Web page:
(originally published November 3, 2016)
Whenever I visit my sister in Hawaii, we tend to go to the same couple of beaches. On this seventh visit, I’m glad finally add a new one to the list! Here is how I would rank the beaches from best to worst (but let’s face it – even the ‘worst’ beach in Hawaii is still a good one. At least better than anything in NY/NJ)
This might be one of the nicest (if not, THE nicest) beaches I’ve ever been to. It’s located on the east side of the island, about 30 minutes from Waikiki. For this reason, its not usually teeming with tourists like Waikiki is. It feels more secluded. Check out ‘A Day at Lanikai’ for some tips and things to do in the area.
Sand/Surf: the sand is super clean and soft. It’s also a lot finer than other beaches so you will probably accidentally bring a ton home with you. Waves are calm, so it’s great for swimming or just chilling in the water if you can’t swim well (like me). There are also little pockets of coral if you want to snorkel. All the while, you’ll enjoy the view of the Mokulua Islands
I’ve stopped here exactly two times before and both times were after a strenuous trip to the Mokulua Islands. Since we had to bring the kayaks back both times, I didn’t really have time to lay out and enjoy the beach. In 2021, I finally did! Kailua is Tiffany’s (sis) newest go-to beach since the pandemic has caused street parking to close off by Lanikai. It’s the next beach over from Lanikai, so it’s only a five minute drive. There’s also a free parking lot but you need to go early (by 8 am) in order to nab a spot. Since it’s a beach park, they have bathroom facilities.
Sand/Surf: Even though it’s just the next beach over, the sand, although soft, doesn’t feel as soft as Lanikai’s. The water is great for swimming since there isn’t much coral but there are days where it can be a bit rougher than Lanikai’s waves.
So this one is more of a snorkeling spot and it’s worth visiting but you have to go early. Once their lot is full (which is usually by 8 am), you won’t be able to get in. Plus, early morning is when you’ll get the highest visibility when snorkeling. The water gets murky when the tide starts come in, which is around 10:30 to 11 am. We tried to visit again July 2021 but due to Covid, you now have to reserve tickets and there are a limited amount of tickets. Check their website since the guidelines are always changing. For tips on visiting the bay, check out my post – Snorkeling at Hanauma Bay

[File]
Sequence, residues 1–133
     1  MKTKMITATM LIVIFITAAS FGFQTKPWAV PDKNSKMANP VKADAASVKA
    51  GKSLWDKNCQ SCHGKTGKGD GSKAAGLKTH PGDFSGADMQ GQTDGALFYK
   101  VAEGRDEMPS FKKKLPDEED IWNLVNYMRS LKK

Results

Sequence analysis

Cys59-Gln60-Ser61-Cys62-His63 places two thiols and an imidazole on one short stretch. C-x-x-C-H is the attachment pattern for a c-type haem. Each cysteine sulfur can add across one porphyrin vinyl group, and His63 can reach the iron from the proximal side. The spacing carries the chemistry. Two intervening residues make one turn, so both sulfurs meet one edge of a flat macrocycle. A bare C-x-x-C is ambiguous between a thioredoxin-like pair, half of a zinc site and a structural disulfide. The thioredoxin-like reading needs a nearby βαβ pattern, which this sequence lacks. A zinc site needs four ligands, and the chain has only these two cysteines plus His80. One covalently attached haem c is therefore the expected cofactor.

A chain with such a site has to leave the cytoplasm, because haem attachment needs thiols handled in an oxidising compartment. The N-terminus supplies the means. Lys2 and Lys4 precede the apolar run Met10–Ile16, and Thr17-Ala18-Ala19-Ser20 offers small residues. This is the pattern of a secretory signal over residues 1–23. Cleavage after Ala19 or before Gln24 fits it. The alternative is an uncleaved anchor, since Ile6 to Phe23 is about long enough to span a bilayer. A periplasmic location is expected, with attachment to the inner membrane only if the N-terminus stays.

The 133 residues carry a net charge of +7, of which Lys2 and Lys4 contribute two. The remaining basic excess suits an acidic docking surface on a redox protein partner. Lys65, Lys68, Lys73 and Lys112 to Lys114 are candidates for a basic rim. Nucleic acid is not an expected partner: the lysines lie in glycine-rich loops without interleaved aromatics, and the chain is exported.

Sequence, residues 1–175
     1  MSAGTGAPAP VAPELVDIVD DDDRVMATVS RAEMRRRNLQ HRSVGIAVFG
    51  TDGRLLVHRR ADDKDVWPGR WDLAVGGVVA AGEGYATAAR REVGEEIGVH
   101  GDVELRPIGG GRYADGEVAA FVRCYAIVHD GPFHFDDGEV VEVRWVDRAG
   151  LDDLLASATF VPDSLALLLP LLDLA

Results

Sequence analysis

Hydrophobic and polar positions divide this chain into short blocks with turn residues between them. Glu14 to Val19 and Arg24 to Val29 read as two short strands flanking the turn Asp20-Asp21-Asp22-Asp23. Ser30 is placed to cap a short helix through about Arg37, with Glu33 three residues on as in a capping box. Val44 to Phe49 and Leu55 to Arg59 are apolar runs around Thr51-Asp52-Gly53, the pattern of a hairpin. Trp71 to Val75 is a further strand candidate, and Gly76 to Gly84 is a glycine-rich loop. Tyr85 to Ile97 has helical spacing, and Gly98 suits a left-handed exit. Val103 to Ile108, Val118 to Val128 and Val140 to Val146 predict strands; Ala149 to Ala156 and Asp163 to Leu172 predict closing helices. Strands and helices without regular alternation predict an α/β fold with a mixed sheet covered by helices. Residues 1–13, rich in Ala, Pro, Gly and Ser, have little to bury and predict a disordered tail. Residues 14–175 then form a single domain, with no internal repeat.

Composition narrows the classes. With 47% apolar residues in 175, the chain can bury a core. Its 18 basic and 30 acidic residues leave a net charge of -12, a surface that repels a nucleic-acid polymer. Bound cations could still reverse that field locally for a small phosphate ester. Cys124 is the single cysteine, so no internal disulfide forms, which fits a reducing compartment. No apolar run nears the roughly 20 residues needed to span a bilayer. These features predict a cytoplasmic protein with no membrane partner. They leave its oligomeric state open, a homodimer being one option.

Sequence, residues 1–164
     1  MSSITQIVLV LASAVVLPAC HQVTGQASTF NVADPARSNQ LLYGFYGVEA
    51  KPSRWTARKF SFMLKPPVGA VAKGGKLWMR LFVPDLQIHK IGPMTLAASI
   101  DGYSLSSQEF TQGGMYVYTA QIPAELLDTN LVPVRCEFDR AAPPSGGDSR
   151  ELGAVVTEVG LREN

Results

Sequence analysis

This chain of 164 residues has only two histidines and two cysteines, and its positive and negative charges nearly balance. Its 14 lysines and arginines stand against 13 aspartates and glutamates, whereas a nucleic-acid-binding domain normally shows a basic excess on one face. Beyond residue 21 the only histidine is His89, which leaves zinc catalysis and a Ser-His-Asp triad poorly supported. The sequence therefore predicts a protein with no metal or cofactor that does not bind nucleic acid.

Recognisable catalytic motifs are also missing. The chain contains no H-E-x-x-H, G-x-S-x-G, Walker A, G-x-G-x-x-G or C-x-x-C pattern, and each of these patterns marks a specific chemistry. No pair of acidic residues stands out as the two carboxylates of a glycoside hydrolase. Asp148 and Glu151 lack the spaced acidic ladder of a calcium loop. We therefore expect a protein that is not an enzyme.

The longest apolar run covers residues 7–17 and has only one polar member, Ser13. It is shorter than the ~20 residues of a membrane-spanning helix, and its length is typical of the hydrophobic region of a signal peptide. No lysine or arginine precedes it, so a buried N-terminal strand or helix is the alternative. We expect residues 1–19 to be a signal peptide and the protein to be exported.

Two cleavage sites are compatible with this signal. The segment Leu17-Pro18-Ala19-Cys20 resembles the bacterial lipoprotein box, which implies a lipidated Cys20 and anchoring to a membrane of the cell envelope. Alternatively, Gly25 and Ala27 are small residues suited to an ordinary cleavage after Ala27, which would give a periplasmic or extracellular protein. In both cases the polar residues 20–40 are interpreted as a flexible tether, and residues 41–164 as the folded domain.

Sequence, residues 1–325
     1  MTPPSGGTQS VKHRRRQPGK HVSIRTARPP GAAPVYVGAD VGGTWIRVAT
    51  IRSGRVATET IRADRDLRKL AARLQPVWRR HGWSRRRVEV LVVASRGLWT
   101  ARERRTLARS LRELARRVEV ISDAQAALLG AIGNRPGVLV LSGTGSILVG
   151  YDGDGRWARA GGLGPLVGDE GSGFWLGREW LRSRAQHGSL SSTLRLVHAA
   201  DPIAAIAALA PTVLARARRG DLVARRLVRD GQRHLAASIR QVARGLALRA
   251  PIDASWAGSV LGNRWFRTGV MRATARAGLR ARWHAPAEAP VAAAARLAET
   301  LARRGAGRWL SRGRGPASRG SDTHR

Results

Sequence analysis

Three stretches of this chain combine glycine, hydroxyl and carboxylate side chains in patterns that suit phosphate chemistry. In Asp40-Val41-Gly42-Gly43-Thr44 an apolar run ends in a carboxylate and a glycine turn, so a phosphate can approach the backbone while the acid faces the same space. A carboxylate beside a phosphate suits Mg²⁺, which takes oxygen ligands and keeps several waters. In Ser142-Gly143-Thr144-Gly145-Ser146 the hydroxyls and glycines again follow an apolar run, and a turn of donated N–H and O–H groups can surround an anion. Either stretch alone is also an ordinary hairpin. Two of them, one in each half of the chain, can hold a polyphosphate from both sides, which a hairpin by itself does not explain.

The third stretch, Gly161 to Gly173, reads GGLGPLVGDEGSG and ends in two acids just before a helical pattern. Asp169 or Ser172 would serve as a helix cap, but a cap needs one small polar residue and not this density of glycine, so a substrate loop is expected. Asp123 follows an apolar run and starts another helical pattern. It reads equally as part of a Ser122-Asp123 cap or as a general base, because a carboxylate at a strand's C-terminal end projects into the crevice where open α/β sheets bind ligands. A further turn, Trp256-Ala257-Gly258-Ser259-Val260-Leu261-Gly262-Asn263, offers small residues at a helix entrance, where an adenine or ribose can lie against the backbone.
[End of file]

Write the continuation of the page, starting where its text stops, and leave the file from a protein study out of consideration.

Sand/Surf: Sand is a bit coarse. The waves are gentle in the morning but since this location is meant for snorkeling, there are reefs everywhere, so it’s not good for swimming.
This is probably the most well-known beach of Hawaii. You get sun, sand, surf, and a view of Diamond Head. It can get pretty crowded since the area is dotted with resorts, shops, and bars. But even if crowds are not for you, it’s still definitely worth a visit. If you head to Duke Kahanamoku’s statue, there’s a live webcam there so you can have all your friends check out your surfing skills. Fun fact – Kurt Cobain and Courtney Love got married on this beach.
Sand/surf: The sand is a bit courser than other Hawaiian beaches. Waves are calm so it’s great for swimming. If there are thunderstorms, don’t worry too much – it usually clears up in an hour or so.
Pu’uloa Beach (Ewa Beach)
Since this beach was about 10 minutes away from my sister’s home, we decided to check it out. It’s a neighborhood beach (similar to how we would have neighborhood parks), so you won’t find any tourists here. It’s also about an hour outside of town. You won’t really find peace and quiet though, as it is located next to a firing range. (*Update – since my latest visit in July 2021, which was a Monday, it was a lot more peaceful and very few people on the beach, which made it a super pleasant experience)
Sand/Surf: lots of debris in the sand. Look out for all of the tiny holes – you’ll see little crabs popping out from them from time to time. The water is rocky in some areas and waves are rough, so it’s not too great for swimming.
This is actually a golf course/resort with a man-made lagoon. For parking, head to Ulua, Lagoon 4.
Sand/surf: Since it’s man-made, they probably imported the sand from somewhere else (not sure where), so it is rougher than most. Because the water is by a rocky area, the waves don’t really come in, so it’s a great place for non-swimmers.
2 thoughts on “how to beach in oahu”